In 2005 the Norwegians found them in rats. Now, in 2009, they were found in humans. ‘They’ – are location memory cells in the brain. They appear to be specialized neurons that work in some coordinated fashion. It’s something like having a coordinate system hard-wired into the brain, so as you move about the environment, these cells remember (or help remember) your location or the location of things. The scientist’s call them ‘grid cells.’
Taking their cue from a the Norwegian laboratory study of rats, researchers at University College of London, Institute of Cognitive Neuroscience began by putting test subjects in a Virtual Reality environment that forced their brain to recognize change of location. Then they scanned the functioning brain with MRI. While it was clear from the Norwegian study that rats, and presumably man, benefited from having some kind of operational coordinate system; what kind of system was this?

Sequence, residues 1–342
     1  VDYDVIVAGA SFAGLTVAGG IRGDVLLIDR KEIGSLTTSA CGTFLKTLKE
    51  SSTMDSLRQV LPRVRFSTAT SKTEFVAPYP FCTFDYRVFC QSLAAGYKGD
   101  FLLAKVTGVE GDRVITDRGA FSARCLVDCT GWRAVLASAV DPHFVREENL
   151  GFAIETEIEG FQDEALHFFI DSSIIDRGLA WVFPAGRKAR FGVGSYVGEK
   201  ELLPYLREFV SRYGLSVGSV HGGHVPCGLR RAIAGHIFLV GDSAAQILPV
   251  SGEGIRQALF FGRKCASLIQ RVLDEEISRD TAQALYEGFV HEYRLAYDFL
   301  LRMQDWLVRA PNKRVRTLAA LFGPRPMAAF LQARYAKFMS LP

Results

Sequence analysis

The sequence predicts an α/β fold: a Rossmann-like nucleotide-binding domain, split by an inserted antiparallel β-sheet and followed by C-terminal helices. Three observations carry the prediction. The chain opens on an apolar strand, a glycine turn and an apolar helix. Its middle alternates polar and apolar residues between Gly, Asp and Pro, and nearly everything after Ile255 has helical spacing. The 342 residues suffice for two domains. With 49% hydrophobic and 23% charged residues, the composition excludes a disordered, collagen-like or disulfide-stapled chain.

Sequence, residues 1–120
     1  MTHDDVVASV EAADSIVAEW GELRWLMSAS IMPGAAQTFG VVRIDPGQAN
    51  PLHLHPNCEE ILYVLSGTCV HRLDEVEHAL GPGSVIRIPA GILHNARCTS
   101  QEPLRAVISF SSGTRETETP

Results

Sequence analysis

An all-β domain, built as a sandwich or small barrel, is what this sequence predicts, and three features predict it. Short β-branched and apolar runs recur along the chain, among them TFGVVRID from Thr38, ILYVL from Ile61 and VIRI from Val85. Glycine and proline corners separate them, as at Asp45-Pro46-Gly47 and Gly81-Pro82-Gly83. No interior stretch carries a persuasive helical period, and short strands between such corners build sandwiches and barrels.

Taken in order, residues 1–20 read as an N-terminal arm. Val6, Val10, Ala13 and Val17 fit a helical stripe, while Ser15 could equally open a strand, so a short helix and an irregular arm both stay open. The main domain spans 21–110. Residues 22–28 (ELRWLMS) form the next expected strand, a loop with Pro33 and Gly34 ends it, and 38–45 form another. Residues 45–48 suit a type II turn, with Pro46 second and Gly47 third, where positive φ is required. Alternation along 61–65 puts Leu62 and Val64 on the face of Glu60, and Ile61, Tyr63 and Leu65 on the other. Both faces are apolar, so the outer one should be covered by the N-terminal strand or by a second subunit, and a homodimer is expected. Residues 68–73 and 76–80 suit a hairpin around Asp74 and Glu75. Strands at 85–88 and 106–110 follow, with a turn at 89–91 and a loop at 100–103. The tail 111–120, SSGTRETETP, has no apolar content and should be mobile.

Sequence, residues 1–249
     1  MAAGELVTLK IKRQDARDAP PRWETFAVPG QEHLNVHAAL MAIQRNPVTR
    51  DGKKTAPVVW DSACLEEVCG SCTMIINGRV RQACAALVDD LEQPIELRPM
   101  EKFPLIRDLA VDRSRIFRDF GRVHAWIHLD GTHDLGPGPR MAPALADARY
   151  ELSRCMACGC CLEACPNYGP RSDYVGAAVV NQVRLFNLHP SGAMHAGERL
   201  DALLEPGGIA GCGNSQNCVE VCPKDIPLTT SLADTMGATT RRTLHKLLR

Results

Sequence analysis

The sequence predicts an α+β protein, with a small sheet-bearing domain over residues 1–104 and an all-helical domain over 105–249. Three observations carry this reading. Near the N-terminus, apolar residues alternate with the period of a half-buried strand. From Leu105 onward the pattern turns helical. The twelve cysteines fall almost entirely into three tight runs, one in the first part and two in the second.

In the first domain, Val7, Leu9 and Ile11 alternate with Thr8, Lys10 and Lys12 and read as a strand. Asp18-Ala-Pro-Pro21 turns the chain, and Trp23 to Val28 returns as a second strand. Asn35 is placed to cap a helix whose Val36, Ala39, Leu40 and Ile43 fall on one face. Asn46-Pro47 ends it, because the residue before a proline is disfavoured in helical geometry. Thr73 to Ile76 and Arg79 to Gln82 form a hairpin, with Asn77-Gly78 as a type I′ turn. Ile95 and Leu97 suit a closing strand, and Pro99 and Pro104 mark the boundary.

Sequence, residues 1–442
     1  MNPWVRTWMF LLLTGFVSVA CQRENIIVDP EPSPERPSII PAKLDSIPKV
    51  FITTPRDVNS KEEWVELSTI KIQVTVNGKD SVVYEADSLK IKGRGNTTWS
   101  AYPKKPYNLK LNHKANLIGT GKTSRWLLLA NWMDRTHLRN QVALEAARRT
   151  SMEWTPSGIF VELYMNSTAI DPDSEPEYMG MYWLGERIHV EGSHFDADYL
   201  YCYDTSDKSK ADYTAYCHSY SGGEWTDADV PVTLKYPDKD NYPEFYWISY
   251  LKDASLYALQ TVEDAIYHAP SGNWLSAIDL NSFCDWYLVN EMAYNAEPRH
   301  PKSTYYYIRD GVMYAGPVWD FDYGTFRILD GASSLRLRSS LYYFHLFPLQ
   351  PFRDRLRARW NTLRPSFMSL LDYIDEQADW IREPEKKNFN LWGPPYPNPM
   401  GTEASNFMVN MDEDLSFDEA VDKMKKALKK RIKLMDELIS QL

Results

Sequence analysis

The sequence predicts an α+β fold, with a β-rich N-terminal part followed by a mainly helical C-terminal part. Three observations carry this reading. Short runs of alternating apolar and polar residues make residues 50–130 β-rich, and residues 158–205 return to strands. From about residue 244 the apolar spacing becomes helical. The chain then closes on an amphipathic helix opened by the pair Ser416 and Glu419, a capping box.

Study co-author Dr Caswell Barry said: “It is as if grid cells provide a cognitive map of space. In fact, these cells are very much like the longitude and latitude lines we’re all familiar with on normal maps, but instead of using square grid lines it seems the brain uses triangles.
Lead author Dr Christian Doeller added: “Although we can’t see the grid cells directly in the brain scanner, we can pick up the regular six-fold symmetry that is a signature of this type of firing pattern. Interestingly, the study participants with the clearest signs of grid cells were those who performed best in the virtual reality spatial memory task, suggesting that the grid cells help us to remember the locations of objects.”
At this point we know little more about these neurons other than they exist, which is actually a good start. What we clearly don’t know stimulates curiosity. There are questions like: Where, exactly are these neurons located in the brain? How do they function together? What kind of ‘image’ or ‘impression’ do they create and how does that contribute to a sense of location? What other forms of memory, cognition, or logic are involved? At the molecular level, how did these highly specialized neurons form? Are they different than other neurons? And so on…probably a lifetime’s work for many scientists.